Tsvangirai set to lobby heads of state before troika meeting

Prime Minister Morgan Tsvangirai will this week launch a regional diplomatic offensive to lobby heads of state on the implementation of the Global Political Agreement (GPA) as it emerges that the Southern African Development Community (SADC) troika meeting to discuss Zimbabwe's political crisis might be held next week.

Facilitator to Zimbabwe’s political problems, President Jacob Zuma of South Africa, who was in Harare two weeks ago to mediate between Tsvangirai and President Robert Mugabe over disagreements in the unity government, announced the troika would be held next month.

However, the Sunday Times report understands there are moves to push the troika to next week, prompting Tsvangirai to go for lobbying.

It is understood that the Movement for Democratic Change (MDC) leader will first travel to Pretoria, where he will meet Zuma. Tsvangirai will brief Zuma on the progress made since the South African president mediated two weeks ago and managed to persuade the Zimbabwean prime minister and Mugabe to resume working together. The meeting between Zuma and Tsvangirai is set for Wednesday.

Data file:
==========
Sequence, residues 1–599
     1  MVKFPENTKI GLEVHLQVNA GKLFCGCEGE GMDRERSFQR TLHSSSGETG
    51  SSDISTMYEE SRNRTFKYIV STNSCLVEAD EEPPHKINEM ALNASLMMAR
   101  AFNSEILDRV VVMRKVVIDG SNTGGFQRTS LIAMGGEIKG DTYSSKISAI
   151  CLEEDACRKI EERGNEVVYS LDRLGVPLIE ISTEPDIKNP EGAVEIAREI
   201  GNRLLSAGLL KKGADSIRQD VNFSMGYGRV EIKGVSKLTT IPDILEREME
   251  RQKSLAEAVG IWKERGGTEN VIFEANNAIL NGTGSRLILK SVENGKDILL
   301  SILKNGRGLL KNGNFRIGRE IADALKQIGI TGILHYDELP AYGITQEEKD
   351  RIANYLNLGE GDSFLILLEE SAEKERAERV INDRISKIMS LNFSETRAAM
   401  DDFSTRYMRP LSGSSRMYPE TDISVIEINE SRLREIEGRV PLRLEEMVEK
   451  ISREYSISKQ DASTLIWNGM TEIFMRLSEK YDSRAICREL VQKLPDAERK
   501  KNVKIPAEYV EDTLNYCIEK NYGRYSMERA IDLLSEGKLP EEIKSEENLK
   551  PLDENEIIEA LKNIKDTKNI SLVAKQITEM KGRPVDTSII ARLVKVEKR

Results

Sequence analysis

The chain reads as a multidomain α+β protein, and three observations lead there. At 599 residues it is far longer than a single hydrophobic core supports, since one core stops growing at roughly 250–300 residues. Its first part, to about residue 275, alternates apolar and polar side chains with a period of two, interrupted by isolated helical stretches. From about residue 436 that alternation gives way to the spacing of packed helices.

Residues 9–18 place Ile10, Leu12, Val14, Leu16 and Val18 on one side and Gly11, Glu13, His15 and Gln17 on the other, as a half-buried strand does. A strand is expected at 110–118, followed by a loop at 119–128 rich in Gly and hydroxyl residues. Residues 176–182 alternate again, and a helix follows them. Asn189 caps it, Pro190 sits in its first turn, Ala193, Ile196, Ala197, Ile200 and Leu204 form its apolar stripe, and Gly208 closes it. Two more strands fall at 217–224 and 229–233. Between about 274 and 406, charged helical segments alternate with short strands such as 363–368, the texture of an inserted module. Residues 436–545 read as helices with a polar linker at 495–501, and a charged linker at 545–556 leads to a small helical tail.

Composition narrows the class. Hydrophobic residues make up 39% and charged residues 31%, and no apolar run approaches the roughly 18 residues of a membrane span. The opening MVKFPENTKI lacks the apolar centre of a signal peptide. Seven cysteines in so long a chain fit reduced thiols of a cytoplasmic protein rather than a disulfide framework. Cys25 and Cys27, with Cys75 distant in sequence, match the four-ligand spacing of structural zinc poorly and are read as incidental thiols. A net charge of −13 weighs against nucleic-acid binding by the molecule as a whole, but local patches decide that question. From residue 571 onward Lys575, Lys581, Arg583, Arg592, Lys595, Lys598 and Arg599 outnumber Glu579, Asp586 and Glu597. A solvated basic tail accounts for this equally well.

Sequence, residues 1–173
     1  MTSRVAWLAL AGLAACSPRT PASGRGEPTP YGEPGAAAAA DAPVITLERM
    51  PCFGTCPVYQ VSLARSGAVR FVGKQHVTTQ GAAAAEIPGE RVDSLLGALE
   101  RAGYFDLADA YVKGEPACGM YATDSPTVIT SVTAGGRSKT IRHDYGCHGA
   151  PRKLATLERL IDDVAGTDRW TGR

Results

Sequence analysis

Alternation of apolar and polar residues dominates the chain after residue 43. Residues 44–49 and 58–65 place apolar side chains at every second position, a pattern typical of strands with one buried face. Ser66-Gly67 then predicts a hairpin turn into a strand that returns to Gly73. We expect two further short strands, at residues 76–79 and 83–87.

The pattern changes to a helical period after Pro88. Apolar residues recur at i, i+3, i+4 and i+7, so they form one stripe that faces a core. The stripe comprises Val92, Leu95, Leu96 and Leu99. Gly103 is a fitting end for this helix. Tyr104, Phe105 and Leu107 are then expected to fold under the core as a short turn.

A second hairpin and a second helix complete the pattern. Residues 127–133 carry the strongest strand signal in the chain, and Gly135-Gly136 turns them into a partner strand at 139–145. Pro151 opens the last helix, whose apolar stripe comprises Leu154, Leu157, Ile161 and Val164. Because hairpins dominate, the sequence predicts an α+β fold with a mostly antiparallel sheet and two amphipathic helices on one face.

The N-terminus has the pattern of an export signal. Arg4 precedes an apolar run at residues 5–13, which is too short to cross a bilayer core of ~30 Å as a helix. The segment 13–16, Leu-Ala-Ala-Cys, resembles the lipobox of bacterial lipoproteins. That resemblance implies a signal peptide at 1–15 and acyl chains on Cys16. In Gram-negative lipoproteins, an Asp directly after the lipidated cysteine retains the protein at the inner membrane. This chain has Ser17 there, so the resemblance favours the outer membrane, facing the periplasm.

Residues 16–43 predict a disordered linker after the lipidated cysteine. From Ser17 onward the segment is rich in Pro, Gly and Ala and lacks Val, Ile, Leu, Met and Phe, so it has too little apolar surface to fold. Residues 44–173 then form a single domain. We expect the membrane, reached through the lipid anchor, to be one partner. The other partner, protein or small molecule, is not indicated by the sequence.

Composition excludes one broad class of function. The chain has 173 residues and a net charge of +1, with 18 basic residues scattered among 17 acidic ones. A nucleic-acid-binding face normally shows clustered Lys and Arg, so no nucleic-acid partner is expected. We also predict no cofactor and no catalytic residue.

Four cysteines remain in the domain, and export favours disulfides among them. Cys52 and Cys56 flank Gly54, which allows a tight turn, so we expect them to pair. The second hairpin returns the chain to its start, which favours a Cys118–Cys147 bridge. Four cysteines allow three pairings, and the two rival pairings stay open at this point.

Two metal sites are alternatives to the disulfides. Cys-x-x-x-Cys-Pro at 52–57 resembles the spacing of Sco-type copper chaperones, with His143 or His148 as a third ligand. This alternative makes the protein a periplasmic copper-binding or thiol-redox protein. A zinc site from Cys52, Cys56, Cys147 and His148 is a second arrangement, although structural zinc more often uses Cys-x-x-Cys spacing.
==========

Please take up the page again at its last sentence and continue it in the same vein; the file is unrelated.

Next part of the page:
From Pretoria, Tsvangirai is scheduled to travel to Malawi to meet President Bingu wa Mutharika. Tsvangirai will lobby him both as a member of SADC and as the chairman of the African Union (AU).

Both the AU and SADC are guarantors to the GPA and it is believed the prime minister will raise complaints about Mugabe’s reluctance to fully implement the agreement.

Tsvangirai is also planning a meeting with Tanzanian President Jakaya Kikwete, who is known to be critical of Mugabe, for further lobbying.

An insider in Tsvangirai’s office said: "We have been made to understand the troika meeting is likely to take place in the next two weeks instead of next year so we have to plan ahead.

"We are privileged to have President Mutharika as the chairman of the AU and he is also a member of the SADC, so it will be very important to meet him."

The outcome of the meeting between Tsvangirai and Mutharika will be very interesting given that the Malawian president has of late been preaching democracy and at the same time he is a close ally of Mugabe.

Last week he asked Ivory Coast leader Laurent Gbagbo to hand over power to Alassane Ouattara, saying Ouattara had won the elections.

Mutharika said it was time African leaders respected the will of the people at the ballot box and Zimbabweans will be watching how he deals with Mugabe, who himself is known not to be interested in giving up power.